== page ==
The Highway Department says that 100,000 cars pass yearly over this route during the three summer months when the Silphium is in bloom. In them must ride at least 100,000 people who have ‘taken’ what is called history, and perhaps 25,000 who have ‘taken’ what is called botany. Yet I doubt whether a dozen have seen the Silphium, and of these hardly one will notice its demise. If I were to tell a preacher of the adjoining church that the road crew has been burning history books in his cemetery, under the guise of mowing weeds, he would be amazed and uncomprehending. How could a weed be a book?

This is one little episode in the funeral of the native flora, which in turn is one episode in the funeral of the floras of the world. Mechanized man, oblivious of floras, is proud of his progress in cleaning up the landscape on which, willy-nilly, he must live out his days. It might be wise to prohibit at once all teaching of real botany and real history, lest some future citizen suffer qualms about the floristic price of his good life.”

While these plants are easy to grow, they have very deep taproots making them nearly impossible to transplant. The best way to grow them is by directly sowing the seeds. It usually takes two or three years for them to reach sufficient size to bloom, and several more to reach their full potential. Besides Compass Plant, other species include Prairie Dock (Silphium terebinthinaceum), Rosin Weed (Silphium integrifolium), and Cup Plant (Silphium perfoliatum).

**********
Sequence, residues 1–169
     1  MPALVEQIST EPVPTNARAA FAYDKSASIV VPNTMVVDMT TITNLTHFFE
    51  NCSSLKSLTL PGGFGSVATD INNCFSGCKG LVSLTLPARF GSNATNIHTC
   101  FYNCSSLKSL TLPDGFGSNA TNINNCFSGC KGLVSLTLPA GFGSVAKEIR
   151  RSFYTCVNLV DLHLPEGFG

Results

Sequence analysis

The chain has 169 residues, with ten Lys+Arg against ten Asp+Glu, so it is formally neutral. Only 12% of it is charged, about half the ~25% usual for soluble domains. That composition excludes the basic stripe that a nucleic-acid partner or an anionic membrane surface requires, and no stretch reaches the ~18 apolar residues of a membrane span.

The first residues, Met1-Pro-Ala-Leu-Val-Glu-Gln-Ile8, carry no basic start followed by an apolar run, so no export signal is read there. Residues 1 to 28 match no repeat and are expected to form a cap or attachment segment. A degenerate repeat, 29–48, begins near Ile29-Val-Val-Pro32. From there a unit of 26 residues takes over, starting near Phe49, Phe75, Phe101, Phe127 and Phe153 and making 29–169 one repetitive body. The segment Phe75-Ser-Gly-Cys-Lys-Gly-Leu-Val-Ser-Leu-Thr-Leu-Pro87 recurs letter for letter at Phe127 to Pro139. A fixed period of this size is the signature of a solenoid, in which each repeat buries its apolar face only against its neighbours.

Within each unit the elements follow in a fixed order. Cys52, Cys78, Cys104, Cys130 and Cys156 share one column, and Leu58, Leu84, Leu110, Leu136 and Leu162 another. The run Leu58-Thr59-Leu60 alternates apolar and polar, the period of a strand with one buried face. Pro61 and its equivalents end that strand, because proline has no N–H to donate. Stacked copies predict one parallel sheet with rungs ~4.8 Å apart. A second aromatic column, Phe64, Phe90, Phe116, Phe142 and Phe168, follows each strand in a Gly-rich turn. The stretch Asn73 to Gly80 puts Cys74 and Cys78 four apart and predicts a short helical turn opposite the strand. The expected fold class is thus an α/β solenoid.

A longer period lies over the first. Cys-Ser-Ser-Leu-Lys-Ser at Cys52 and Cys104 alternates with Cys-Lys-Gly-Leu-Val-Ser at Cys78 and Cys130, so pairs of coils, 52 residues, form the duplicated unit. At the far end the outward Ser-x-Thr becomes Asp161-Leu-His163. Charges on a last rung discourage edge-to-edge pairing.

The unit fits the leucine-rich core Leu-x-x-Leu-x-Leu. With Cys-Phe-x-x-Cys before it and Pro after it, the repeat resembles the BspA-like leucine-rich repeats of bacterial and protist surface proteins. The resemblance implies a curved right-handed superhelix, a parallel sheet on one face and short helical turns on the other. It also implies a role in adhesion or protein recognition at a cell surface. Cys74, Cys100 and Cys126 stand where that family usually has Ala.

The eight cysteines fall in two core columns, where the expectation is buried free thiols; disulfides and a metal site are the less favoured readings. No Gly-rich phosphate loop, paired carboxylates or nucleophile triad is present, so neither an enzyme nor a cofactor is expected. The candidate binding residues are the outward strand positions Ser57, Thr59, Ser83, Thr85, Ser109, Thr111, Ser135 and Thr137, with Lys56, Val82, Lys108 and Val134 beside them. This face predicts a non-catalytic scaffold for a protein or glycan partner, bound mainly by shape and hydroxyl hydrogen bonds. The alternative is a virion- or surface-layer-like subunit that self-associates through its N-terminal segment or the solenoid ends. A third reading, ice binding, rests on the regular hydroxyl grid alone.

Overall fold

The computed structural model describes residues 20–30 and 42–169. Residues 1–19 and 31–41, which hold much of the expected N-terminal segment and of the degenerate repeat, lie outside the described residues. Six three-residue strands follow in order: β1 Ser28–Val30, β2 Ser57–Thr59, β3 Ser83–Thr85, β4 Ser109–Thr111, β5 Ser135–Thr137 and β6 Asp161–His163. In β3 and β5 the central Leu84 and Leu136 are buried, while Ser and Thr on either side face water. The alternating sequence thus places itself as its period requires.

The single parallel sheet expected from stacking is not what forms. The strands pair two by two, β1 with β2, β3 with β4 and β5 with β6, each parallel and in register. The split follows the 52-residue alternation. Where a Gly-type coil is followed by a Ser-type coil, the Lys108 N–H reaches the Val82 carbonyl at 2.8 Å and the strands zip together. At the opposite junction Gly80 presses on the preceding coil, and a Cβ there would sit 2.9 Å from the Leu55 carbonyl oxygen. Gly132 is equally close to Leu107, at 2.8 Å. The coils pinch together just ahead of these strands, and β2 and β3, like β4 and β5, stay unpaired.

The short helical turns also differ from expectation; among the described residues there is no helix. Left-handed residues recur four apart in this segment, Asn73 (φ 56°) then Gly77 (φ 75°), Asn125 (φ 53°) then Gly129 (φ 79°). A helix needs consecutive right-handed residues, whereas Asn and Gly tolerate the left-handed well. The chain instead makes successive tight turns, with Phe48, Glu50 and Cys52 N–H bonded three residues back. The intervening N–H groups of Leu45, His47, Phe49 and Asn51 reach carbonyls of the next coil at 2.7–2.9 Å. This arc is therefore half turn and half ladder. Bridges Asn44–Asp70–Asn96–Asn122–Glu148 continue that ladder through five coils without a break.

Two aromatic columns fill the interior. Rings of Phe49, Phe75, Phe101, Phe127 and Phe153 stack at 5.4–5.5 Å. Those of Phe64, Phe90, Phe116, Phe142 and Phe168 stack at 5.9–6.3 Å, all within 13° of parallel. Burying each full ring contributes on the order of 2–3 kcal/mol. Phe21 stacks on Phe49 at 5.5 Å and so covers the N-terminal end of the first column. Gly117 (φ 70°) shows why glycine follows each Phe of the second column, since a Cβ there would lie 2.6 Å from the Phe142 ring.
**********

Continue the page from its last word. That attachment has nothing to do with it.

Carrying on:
October 4, 2009

American Chestnut

Filed under: Uncategorized — admin @ 14:47

Chesnut Fruit

It is fall now and the leaves are just beginning to change. On a recent visit to a local research station I snapped this picture of a softball-sized, spiny fruit of what was likely a hybrid between Chinese Chestnut (Castanea mollissima) and American Chestnut (Castanea dentata). I think it was a hybrid as the leaves did not appear downy underneath (as is typical of Chinese Chestnut) but the spines of the fruit are rather thick (they would be thinner in American Chestnut). If one could go back in time, a little over 100 years ago one would find the forests of the northeast were dominated by the American Chestnut. The smooth, brown seeds found inside these spiny capsules were an important winter food source for early settlers and also for wildlife. Today it is rare to find one of these trees and even rarer to find one that bares fruit.

It took only 50 years following the introduction of Chestnut Blight (Cryphonectria parasitica) to decimate the American Chestnut throughout its range. Virtually all trees were killed back to the ground and only a few survivors exists today as “living stumps”. Occasionally a tree may be found that has obtained sufficient size in order to produce fruit. Trees have been planted outside the native range and are important sources of seed for ongoing research to develop resistance to the disease.

There are two main techniques that researchers are currently using to develop blight-resistant American Chestnut. One is the development of hybrids with Chinese Chestnut, which ironically was the host which carried the blight to North America in the first place. Hybrids are then back-crossed with American Chestnut in an effort to reduce the percentage of Chinese Chestnut traits while maintaining blight resistance. The other technique being utilized is genetic engineering; researchers attempt to add specific genes to provide blight resistance to pure American Chestnut.